Along the way, we’ll pass by the Foxhall Crescent neighborhood (intersection of Foxhall Crescents NW). Foxhall Crescent is a neighborhood that mostly features large homes that are high value. This community dates back to 1925 and has a population of 4,308. Living in Foxhall Crescents offers residents an urban feel and most residents own their homes. In Foxhall Crescents there are a lot of bars, restaurants, coffee shops, and parks. Many young professionals and retirees live in Foxhall Crescents and residents tend to be liberal. The public schools in Foxhall Crescents are highly rated.
Also along the way, we’ll pass by the Wesley Heights neighborhood (intersection of Hawthorne Street NW). Wesley Heights is an affluent neighborhood developed in the 1920s by W.C. and A.N. Miller, who also developed the neighboring communities of Spring Valley and American University Park. It was one of the first master planned communities in the U.S. It remains a residential enclave of principally large detached homes with some condominium and townhouse options as well. The neighborhood is served by a small commercial mall on New Mexico Avenue with doctors, shops, restaurants and stores.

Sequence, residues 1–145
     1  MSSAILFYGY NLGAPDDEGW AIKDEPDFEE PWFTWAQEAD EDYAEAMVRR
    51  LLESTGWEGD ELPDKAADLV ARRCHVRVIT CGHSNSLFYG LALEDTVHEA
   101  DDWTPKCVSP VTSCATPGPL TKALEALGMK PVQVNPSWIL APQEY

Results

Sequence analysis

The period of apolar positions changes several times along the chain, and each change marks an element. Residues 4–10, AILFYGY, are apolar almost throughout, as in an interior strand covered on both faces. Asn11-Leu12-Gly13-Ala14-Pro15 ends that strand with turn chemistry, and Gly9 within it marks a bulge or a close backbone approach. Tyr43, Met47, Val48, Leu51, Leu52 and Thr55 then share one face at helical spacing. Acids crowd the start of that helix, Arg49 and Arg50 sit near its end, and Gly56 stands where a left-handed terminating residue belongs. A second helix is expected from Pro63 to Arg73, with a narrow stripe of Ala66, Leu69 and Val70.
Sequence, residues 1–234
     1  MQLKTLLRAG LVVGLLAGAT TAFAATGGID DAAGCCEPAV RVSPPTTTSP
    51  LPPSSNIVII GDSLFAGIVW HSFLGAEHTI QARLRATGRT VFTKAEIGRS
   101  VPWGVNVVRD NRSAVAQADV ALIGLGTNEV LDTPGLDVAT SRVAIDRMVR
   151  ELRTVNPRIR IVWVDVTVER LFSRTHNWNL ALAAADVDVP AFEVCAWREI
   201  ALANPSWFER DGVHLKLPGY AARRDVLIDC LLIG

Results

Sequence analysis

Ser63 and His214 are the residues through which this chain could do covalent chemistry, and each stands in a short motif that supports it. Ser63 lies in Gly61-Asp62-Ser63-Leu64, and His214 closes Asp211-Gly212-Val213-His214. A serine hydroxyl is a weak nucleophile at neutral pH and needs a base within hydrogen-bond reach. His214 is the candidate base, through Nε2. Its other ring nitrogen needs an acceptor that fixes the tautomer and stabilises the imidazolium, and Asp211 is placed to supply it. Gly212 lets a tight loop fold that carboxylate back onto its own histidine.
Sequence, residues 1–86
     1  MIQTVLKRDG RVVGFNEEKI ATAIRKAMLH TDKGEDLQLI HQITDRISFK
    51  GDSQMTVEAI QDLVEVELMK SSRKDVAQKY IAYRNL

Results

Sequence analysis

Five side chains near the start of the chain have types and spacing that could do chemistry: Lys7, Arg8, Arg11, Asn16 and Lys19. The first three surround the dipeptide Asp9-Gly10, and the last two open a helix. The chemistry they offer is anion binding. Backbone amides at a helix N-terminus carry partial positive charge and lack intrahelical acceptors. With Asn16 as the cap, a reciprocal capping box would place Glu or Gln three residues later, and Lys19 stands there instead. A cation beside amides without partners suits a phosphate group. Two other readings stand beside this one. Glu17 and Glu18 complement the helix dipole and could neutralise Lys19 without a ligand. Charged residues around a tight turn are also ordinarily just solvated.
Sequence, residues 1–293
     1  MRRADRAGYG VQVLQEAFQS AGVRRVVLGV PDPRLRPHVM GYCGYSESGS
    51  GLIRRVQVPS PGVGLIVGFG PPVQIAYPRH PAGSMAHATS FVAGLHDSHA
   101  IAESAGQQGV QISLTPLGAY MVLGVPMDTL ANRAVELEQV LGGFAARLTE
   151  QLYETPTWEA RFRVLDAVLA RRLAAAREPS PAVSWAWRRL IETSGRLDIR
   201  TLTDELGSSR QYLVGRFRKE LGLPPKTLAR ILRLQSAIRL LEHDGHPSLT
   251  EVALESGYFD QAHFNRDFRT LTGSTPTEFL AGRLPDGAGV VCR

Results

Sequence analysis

Once we reach Nebraska Ave NW, we’ll turn right and ride northeast for 0.3 miles. Then we’ll turn right on New Mexico Ave NW and ride southeast for 0.7 miles. At the corner of Nebraska Ave NW and New Mexico Ave NW is American University.